When I was younger I always invited my dad over for the typical Irish-American meal of corned beef and cabbage. Most of my kids didn't care for corned beef. Once my dad passed I figured we'd just carry on the tradition within our home. I never planned to make a big family celebration out of it, but my kids had a different idea. Imagine my surprise the first year after he was gone when I started getting phone calls from our children that had already flown the coop asking when we were going to celebrate St. Patrick's Day. Thus, a Smith Family Tradition was born.
Over the years I have learned to make a few more traditional Irish dishes that I just love. One of my favorites is Champ. This year, however, we are changing things up a bit, and I am making Irish Stew for our celebration with Soda Bread, of course. Corned Beef is just too expensive to feed to nearly 30 people. We're reigning it in a bit, and I have locally sourced beef on hand, so I can think of nothing better. I do get tempted, though, to make Champ to serve the stew over, but the point is simple, right? We will still be having the "traditional for us" meal on the actual holiday, so we'll get our fill of all our favorite foods this year.
So far the kids and I have made Soda Bread and Scones. We even made them gluten free this year, and we're having a hard time leaving the scones alone. They are SO good!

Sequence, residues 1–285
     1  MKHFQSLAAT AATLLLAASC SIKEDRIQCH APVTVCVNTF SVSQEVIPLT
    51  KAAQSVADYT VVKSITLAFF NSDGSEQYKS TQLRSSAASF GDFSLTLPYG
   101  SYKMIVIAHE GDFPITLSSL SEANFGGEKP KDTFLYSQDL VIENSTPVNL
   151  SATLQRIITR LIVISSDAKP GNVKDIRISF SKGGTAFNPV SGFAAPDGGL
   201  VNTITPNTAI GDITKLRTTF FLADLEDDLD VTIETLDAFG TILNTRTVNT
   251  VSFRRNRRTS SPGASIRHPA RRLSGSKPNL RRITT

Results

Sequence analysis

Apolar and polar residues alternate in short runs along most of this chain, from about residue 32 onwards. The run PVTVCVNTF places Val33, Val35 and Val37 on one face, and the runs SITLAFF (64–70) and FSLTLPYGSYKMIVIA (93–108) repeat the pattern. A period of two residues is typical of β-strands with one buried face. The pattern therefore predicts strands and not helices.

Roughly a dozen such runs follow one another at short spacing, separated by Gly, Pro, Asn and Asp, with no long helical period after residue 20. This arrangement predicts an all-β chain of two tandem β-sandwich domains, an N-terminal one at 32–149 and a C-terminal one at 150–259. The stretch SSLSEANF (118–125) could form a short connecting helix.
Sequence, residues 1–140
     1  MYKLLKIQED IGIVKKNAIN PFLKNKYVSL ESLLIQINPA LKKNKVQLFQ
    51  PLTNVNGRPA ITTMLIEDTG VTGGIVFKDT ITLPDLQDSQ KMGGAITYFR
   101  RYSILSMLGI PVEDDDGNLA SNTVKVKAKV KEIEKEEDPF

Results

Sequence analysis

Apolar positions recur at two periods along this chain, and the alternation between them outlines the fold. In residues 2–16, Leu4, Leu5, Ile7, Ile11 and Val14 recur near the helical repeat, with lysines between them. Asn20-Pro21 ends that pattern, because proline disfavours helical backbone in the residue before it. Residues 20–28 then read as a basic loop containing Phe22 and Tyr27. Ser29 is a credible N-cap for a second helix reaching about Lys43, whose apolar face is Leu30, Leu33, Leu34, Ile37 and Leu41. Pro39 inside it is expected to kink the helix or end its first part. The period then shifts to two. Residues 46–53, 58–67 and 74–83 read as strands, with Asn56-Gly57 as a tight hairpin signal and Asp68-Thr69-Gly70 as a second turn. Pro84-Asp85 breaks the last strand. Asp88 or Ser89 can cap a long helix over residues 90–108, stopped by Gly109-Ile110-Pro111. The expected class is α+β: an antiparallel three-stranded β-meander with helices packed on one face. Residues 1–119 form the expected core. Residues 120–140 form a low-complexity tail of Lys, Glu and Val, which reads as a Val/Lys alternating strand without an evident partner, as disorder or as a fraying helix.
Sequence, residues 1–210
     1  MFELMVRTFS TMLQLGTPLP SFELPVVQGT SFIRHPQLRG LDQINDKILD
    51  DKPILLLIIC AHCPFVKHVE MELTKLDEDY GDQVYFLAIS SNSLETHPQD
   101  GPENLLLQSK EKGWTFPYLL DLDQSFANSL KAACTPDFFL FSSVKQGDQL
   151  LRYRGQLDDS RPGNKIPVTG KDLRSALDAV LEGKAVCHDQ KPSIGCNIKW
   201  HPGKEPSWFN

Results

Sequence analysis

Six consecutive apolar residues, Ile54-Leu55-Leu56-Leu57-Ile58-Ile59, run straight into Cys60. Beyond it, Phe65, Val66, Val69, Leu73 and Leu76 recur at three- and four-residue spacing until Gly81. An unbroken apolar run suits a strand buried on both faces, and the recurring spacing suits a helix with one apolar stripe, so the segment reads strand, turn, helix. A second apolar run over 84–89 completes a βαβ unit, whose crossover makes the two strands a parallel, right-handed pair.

|Large Carob Chip Scones|
Here's how we made them:
1 1/2 cups Rice Flour
1/2 cup Sorgum Flour
1/4 cup Natural Sugar
1/4 tsb. Salt
1/2 tsp. Baking Soda
3/4 cup Plain Greek Yogurt (I use Fage)
1 Whole Egg
1/2 cup Rice Milk
2 Tbs. Butter
1 cup Carob Chips or Cinnamon Chips
Raw Sugar for sprinkling
Preheat oven to 350 degrees.
Mix together flours, sugar, salt and baking soda. Set aside.
In mixing bowl, mix yogurt, egg, milk, and butter. Add the dry mixture a little at a time until combined.
Gently stir in your favorite chips.
I lined my baking sheets with parchment and made both varieties. We made 12 larger chocolate chip scones using an ice cream scoop and baked them for 18 minutes. We made 24 smaller scones using a baking scoop and baked them for 13 minutes. We sprinkled them with a little raw sugar before placing them in the oven. The trick is to remove them just as they start to brown.
These are not as dense as traditional scones, and they spread out like cookies. In the future I plan to try adding a bit more flour.